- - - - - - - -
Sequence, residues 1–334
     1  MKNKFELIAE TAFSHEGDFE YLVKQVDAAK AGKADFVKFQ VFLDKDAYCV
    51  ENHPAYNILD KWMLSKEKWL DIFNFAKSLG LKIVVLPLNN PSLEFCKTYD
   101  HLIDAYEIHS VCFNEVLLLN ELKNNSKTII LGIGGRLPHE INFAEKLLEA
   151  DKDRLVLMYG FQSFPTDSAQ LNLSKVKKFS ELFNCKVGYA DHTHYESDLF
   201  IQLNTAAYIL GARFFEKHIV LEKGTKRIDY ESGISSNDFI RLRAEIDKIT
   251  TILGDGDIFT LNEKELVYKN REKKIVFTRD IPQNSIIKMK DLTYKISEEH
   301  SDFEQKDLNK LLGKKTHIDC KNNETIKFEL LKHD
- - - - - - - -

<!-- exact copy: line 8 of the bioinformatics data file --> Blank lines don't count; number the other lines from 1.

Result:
   301  SDFEQKDLNK LLGKKTHIDC KNNETIKFEL LKHD